When your child first starts to learn math, they begin with simple counting, not Calculus or even Algebra 2. Coaches and parents must apply this same reasoning to youth sports.
In the early stages of youth sports, kids should learn the basics to lay a foundation that will ensure a better chance of safety and enjoyment of the game.
What are the fundamentals that every child in youth sports should be learning?
Safety. No matter what sport your child plays, it’s important that they learn how to play safely. This includes wearing proper equipment and learning the correct techniques.
Basic Skills. In every sport, there are simple skills that need to be learned in an orderly way so that children can build upon knowledge and ability – like stacking skills like you would blocks. We see it in Tee Ball where small children learn how to swing a bat and hit a ball on a plastic Tee.
We should also see it in basketball where kids learn how to dribble a ball before they learn how to properly shoot. Complicated game strategies are not necessary at the younger level. And now, we need to see it implemented in football across the nation.
Teamwork. Team player athletes will undoubtedly have the most fun and experience the most success in their sports because they’ve learned that working together with others always reaps the biggest rewards. This fundamental is as important as any skill that your child may learn.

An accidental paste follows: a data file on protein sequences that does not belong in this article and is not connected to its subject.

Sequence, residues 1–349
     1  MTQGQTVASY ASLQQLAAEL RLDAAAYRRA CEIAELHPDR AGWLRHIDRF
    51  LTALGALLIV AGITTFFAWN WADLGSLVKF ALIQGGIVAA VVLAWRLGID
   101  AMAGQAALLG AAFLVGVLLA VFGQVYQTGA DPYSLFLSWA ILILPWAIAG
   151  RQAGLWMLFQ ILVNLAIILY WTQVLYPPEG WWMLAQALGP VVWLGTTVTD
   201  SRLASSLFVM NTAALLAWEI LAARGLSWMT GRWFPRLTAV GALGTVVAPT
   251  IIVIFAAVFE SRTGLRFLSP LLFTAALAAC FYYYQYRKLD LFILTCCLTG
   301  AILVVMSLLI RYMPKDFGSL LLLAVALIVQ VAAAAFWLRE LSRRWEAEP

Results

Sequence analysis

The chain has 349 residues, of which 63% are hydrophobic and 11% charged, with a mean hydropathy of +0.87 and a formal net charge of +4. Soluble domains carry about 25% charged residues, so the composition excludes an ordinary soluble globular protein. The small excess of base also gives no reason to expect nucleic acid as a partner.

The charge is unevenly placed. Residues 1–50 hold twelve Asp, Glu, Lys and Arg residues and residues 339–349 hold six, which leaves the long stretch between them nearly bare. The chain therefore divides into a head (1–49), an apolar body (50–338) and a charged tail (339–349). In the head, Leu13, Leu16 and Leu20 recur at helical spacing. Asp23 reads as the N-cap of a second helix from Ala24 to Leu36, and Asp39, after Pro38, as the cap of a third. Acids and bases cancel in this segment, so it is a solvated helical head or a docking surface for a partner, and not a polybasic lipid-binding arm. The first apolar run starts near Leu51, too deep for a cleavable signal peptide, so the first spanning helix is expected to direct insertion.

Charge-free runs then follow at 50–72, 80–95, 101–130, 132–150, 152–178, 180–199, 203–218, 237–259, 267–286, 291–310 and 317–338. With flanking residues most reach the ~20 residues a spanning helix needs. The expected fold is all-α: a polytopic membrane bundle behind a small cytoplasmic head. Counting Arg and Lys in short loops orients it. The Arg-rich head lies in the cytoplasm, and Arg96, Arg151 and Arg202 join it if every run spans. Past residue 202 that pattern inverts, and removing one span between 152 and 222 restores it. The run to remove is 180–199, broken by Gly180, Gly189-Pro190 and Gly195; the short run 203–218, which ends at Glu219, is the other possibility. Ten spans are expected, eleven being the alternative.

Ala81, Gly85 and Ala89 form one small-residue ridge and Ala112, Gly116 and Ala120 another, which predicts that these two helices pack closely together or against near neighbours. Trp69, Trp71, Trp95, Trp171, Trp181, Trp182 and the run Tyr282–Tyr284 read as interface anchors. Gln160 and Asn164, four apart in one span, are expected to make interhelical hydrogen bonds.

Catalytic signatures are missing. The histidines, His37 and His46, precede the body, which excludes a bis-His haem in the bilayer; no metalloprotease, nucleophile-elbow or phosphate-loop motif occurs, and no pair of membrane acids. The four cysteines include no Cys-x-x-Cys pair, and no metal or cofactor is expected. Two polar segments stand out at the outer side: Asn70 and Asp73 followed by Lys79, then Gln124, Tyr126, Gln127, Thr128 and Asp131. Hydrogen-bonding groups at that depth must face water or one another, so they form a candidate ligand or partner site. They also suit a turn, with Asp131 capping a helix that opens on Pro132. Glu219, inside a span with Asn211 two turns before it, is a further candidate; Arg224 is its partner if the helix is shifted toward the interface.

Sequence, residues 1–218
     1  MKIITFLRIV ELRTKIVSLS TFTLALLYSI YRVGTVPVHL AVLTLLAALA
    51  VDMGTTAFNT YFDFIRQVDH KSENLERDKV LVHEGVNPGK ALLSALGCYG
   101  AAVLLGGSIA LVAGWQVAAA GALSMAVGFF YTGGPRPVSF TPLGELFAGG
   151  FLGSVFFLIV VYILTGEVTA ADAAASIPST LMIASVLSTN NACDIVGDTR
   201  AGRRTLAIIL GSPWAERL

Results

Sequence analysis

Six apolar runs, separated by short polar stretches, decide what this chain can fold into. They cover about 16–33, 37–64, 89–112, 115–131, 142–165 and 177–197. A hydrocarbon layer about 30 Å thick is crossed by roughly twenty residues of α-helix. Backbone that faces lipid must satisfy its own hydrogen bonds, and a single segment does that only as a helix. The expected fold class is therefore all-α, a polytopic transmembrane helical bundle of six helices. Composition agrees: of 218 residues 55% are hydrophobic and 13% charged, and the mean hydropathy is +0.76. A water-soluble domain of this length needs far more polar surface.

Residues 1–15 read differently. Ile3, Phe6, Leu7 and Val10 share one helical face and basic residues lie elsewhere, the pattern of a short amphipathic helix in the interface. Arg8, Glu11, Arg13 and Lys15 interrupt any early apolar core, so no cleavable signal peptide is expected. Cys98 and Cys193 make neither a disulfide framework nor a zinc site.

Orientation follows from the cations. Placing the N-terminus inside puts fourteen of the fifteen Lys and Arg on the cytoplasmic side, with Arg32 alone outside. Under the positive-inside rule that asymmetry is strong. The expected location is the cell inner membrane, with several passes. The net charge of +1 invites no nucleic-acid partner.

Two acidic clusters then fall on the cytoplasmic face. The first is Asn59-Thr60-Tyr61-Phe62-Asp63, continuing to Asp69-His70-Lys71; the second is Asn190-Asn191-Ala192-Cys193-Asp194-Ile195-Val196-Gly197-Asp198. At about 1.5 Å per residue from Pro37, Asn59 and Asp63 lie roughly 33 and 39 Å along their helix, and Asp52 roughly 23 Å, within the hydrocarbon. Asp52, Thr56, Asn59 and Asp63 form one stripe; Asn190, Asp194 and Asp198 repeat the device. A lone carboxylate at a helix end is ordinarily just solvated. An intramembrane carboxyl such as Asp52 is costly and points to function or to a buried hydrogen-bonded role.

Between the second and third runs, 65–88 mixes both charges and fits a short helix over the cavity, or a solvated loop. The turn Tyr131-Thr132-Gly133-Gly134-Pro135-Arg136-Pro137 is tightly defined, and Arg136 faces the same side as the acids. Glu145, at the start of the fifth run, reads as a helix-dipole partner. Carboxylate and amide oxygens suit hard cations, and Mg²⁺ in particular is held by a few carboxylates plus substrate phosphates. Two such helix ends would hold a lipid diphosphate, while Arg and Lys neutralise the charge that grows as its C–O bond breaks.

Learning from Mistakes. If an athlete can learn this fundamental, they will be setting themselves up for future successes. I see it over and over with high school students that my husband, daughter and son-in-law coach. When they cannot learn from and move on from a mistake, there’s a good chance that their entire game that day will tank.
Fun. Sports should be fun for everyone, but the older athletes get, the more they understand the importance of combining hard work with fun. Your children can have fun while learning the basics, safety, teamwork and how to get better from mistakes.
The importance of coaching the basics is seen in USA Football’s Football Development Model. They stress that fundamentals that coaches teach during practice and parents see on the field should be taught in a progressive manner, installed as a foundation and growing in complexity.
What does this say to you as coaches and parents? Simply that we should not be in a hurry to develop kids. Be patient with them as they learn the basics and be sure they are learning them well.
Janis Meredith is a family life coach who wants to help all parents raise champions. You can find out more at rcfamilies.com.
USA Football's new model for youth football is designed to make the game safer by reducing contact and by teaching the game based on an athlete's age, the skill they are learning and game type.